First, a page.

Public Relations: All About the Relationship

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USA TodayWant to be in USA Today, the Wall Street Journal, the New York Times or on Oprah? What about your local paper or niche business publications? Whether you have a big or small budget, public relations offers a perfect opportunity extend the reach of your messages and brand to multiple audiences. Stories that appear in publications (whether print or online) are viewed as more credible than typical advertising and a typical public relations campaign is a fraction of the cost of an advertising campaign. Wondering how to get started? Here are some tips:

Back to the Basics

Numerous tactics are available for creating a successful public relations program. From press releases to media advisories, community outreach and partnerships, media events, editorial calendars, online PR and media relations, your program should be customized to fit your needs. Not all companies are the same and certainly no two campaigns will be the same.

As a new builder wishing to garner media coverage in the Atlanta market, Rocklyn Homes began by creating talking points to express its USP (unique selling proposition) and pitching the news of its launch to reporters one at a time. Many times for news stories such as this, you can score coverage by pitching it to your preferred publication as an exclusive. The launch of woman-owned Rocklyn Homes resulted in a WSB Radio interview as well as coverage in the Atlanta Journal Constitution.

Forming community partnerships provides excellent opportunities for news coverage. From inviting area non profits to host their meetings at your location to sponsoring the local humane society because pets desire a place to call home, your partnerships are stories you can share with the media.

Events provide an outlet to showcase your expertise and your product. Greater Valley Group, located in West Point, Ga., held an economic forum to showcase the developer’s approximately $1.5 billion impact on the surrounding community. Held the evening before the grand opening of the Kia Motors Manufacturing Georgia plant in West Point, the event provided a timely opportunity to reach out to reporters interested in covering the automobile manufacturer’s impact on the region.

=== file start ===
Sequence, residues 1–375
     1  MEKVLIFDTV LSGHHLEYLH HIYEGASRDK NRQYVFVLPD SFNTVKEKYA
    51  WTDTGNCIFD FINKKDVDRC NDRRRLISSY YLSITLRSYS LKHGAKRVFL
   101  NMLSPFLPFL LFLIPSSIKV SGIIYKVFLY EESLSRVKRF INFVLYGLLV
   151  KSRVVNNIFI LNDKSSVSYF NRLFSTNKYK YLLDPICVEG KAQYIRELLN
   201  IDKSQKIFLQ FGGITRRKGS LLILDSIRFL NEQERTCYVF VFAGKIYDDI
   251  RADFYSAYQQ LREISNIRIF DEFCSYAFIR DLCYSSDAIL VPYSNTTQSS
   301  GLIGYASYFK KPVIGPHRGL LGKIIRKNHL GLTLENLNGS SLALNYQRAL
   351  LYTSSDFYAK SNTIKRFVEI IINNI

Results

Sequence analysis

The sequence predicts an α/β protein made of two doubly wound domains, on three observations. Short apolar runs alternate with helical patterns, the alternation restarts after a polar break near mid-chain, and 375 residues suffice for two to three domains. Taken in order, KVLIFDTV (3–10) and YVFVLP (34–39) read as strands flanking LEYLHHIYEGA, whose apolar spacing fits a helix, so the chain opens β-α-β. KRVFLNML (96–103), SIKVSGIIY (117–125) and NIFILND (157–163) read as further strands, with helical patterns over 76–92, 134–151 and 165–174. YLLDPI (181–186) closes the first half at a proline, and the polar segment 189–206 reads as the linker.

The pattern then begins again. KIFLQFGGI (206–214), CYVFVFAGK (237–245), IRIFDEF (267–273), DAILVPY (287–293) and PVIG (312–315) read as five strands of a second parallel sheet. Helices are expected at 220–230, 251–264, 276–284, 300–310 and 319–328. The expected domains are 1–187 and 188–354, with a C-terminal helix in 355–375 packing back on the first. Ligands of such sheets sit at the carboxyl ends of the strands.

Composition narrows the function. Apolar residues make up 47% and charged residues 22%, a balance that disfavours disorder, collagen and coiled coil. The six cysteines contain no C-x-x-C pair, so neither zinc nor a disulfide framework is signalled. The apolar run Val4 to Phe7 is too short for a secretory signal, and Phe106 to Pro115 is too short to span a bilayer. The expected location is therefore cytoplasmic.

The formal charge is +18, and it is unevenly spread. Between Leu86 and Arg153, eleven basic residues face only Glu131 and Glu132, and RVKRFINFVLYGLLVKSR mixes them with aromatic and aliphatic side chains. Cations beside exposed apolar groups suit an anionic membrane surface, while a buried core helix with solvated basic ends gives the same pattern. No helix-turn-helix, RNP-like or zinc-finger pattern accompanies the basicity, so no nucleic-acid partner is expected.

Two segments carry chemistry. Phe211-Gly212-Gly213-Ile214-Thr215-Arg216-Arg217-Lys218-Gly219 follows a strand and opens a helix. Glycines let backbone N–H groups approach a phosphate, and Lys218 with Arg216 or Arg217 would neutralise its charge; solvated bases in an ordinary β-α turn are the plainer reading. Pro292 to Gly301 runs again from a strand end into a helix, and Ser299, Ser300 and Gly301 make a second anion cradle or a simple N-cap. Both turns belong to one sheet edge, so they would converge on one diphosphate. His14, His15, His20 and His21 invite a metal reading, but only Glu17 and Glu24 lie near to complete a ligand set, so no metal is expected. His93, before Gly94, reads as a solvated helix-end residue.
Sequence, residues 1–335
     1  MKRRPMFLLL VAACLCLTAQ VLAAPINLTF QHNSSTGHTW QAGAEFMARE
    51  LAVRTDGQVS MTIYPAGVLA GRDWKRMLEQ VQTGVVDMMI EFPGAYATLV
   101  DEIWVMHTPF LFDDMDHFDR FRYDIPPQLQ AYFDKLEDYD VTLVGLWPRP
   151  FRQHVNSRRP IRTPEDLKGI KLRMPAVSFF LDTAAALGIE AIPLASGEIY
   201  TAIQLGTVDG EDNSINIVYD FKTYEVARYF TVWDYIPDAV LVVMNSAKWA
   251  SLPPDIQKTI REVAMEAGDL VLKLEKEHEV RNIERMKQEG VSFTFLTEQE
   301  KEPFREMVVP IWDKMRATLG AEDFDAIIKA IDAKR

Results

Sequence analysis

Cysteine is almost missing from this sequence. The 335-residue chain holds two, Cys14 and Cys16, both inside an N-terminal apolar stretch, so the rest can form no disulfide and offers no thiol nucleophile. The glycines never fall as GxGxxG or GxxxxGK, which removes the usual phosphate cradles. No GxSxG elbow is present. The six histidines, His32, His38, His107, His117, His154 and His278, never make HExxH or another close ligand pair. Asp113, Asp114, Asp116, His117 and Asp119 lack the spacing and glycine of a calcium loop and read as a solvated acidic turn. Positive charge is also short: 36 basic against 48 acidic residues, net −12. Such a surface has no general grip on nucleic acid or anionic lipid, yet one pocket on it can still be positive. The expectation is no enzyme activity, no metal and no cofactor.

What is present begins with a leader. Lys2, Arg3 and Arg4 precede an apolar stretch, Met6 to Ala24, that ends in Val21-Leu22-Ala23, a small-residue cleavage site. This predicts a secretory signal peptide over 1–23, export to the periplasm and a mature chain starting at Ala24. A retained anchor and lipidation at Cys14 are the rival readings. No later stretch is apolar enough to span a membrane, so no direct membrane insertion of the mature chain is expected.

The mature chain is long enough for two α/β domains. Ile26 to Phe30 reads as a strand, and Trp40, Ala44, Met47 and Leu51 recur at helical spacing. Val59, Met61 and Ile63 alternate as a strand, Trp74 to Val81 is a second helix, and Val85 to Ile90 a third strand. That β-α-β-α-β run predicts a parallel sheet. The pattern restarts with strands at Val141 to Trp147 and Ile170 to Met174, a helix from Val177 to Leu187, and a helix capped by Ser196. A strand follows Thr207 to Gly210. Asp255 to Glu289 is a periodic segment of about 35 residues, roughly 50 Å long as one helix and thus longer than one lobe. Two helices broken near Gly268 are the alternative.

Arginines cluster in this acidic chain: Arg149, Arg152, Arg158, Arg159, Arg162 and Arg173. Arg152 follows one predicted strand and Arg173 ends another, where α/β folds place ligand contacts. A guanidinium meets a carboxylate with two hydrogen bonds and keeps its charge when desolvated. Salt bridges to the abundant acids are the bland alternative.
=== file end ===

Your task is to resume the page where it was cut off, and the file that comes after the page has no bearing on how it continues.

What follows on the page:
Coverage resulting from the event included Atlanta Journal Constitution, Birmingham News, Columbus Ledger Enquirer, Mobile Register as well as regional television stations WRBL and WTVM, both from Columbus, Ga. Media continued to show interest in the developer weeks after the event with coverage culminating in a USA Today article.

Reviewing editorial calendars for targeted publications can help to identify stories planned for that particular publication each month. Knowing what topic a reporter plans to cover can make pitching your story easier. However, there is much more to the art of media relations than simply knowing what stories are on the publication’s editorial calendar.

Building and Maintaining Reporter Relationships

Forming relationships with reporters is key. Simply emailing them a press release or pitch doesn’t always work. Just like you are more likely to buy from someone you know and like, reporters are more likely to “buy” a story from a PR person that they know, like and trust. You really have to talk with or meet reporters in person to start to build a relationship. Through ongoing personal and professional interactions, you will understand the types of stories they are seeking and how you can help them.
When working with reporters, remember they are often on deadline. Your responsiveness (or lack of) can make or break the story. Make sure to respond promptly with the facts, background and answers they need. Above all remember your credibility and the next story you plan to pitch them depends on getting them the details they need.

Let us know how we can help with your next PR campaign! 770-383-3360 x20.